Under pressure from the European Central Bank (ECB), Portugal requested financial assistance through an IMF-EU program in 2011, following Greece and Ireland. The IMF and EU ultimately approved a €78 billion bailout package in May 2011, on the condition that Portugal was required to adopt austerity measures, i.e. fiscal consolidation (reduce deficits) through spending cuts and revenue increases. Though it made sense (stop spending if you have too much debt), the adjustment program suffered from a fundamental problem – misdiagnosis of the nature of the crisis. It focused more on austerity rather than targeting the balance of payments crisis. Thus, it resulted in job losses and lower disposable income owing to higher taxes and a decrease in government expenditure. 227,000 jobs were destroyed in 2012, 106% more than in 2011. Unemployment rose to 35.7% by the end of 2013, and since unemployment benefits were limited, only 44% of the unemployed could claim them. Social spending had been cut at the same time as a spike in social need. This led to a massive increase in the emigration of the young population, with around 120,000 emigrating in 2013 alone. However, Portugal had no choice. In choosing between accepting the terms of the bailout and defaulting on sovereign debt, the former was definitely the better option.
The adjustment program did benefit Portugal in some ways as it allowed it to maintain its international reputation, ensuring continued access to capital markets. Portugal could begin the process of regaining its credibility. Another positive impact was from the structural reforms it undertook and the benefits of eliminating barriers that had led Portugal to the debt crisis. And since Portugal followed the directions assiduously and made significant reforms, it emerged as one of the OECD’s top reformers during 2012-13. It regained access to the international capital markets in 2013 and made a clean exit from the program in 2014.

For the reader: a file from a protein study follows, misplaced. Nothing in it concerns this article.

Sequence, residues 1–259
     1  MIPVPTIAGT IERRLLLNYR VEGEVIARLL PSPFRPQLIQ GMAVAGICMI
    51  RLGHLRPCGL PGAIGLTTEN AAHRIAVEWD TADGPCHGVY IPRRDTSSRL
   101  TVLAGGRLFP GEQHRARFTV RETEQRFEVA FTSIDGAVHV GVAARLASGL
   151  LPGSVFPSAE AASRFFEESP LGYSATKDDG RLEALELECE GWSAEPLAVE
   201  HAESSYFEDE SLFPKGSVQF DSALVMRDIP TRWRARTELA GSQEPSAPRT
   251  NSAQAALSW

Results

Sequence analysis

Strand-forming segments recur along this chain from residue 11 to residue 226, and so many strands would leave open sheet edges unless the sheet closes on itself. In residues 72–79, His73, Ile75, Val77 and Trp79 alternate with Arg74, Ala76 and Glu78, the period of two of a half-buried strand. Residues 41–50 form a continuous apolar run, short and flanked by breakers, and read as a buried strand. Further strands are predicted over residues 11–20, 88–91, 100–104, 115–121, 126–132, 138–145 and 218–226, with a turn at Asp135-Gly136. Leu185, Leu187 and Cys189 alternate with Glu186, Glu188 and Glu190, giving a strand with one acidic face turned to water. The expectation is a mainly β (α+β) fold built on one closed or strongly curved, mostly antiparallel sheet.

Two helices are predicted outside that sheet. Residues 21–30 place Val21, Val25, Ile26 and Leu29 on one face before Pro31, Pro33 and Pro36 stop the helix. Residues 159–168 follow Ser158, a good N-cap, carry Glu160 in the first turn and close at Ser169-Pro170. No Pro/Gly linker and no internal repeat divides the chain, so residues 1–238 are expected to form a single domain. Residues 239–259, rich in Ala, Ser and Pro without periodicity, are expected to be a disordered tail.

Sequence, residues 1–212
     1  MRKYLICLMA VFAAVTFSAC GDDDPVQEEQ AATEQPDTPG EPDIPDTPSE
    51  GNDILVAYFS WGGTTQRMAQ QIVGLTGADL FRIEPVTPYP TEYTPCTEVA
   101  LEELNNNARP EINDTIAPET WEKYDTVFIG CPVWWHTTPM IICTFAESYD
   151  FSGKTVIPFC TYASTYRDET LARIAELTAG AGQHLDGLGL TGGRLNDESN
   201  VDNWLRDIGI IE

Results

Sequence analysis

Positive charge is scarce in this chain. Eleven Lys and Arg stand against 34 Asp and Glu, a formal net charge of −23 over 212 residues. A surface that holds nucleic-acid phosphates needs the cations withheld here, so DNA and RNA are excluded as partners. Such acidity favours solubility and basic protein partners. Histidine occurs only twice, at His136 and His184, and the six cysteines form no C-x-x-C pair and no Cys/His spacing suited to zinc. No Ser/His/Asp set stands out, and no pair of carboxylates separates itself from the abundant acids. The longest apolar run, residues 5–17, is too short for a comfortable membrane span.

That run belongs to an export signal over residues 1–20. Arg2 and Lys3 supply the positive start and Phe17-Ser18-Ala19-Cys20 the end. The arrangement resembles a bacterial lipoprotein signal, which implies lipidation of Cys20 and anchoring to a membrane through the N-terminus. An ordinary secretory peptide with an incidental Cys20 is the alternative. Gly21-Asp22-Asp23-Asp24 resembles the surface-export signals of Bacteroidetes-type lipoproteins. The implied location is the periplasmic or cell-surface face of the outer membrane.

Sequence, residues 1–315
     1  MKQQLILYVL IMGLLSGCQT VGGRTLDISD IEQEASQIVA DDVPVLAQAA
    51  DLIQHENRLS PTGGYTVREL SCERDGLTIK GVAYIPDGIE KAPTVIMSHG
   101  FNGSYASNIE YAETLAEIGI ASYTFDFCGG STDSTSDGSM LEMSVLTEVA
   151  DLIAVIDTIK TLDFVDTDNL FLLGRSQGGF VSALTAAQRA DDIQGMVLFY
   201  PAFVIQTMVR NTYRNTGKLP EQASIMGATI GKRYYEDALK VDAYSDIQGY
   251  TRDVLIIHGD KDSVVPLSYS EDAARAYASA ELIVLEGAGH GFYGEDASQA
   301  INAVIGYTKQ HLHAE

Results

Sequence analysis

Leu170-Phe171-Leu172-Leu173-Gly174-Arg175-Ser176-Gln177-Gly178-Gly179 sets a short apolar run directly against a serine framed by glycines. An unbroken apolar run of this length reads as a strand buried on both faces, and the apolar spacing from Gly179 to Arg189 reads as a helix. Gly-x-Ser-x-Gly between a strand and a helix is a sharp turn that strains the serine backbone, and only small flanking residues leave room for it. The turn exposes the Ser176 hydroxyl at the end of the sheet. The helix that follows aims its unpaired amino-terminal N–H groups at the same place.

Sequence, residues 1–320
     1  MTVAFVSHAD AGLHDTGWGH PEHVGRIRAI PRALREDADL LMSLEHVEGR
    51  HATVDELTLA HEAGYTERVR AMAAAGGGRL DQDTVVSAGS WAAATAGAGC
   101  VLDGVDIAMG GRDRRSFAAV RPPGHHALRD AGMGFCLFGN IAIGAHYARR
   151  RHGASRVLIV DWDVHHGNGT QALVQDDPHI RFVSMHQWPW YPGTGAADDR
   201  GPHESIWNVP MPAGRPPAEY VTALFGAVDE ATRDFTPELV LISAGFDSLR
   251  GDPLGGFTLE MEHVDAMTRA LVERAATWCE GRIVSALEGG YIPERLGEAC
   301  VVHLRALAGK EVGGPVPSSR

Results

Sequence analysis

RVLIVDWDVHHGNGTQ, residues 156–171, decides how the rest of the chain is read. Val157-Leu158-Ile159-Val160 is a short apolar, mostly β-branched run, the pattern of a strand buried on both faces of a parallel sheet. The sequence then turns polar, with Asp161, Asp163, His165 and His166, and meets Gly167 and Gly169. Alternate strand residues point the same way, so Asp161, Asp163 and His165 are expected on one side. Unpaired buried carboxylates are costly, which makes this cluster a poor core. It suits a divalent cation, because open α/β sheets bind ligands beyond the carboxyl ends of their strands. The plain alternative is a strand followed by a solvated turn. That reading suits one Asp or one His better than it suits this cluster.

Leaving the harsh IMF-EU program was a bold move and it paid out. The economy expanded for fifteen consecutive quarters and GDP grew 2.7% in 2017 which was its strongest since the millennium; initiating a virtuous cycle to put its economy back on the map. It offered incentives to businesses, and the decision to boost spending had a powerful impact. Export revenues grew more than half since 2008, while imports grew by only a tenth; resulting in the net trade position improving by €20 billion (more than 10% of Portugal’s GDP). The pace of emigration slowed significantly since its peak in 2012-13. Bond yields fell almost 50% over 2017 to 1.7% and Portugal was re-awarded its investment-grade credit rating.
Still, the country is not yet out of the woods entirely. It is still a ‘relative backwater from a corporate perspective’. It is important to sustain reforms to ensure flexibility in the markets. Even though Portugal’s economy was struggling long before the 2008 crisis or the Eurozone Crisis, it is important to keep in mind the impact of cross-border contagion. Thus, structural reforms within the EU as a whole will be essential in preventing the crisis from going forward. Nevertheless, Portugal’s story of economic recovery has made it ‘a poster child’ for what could be done differently in the case of the European recovery.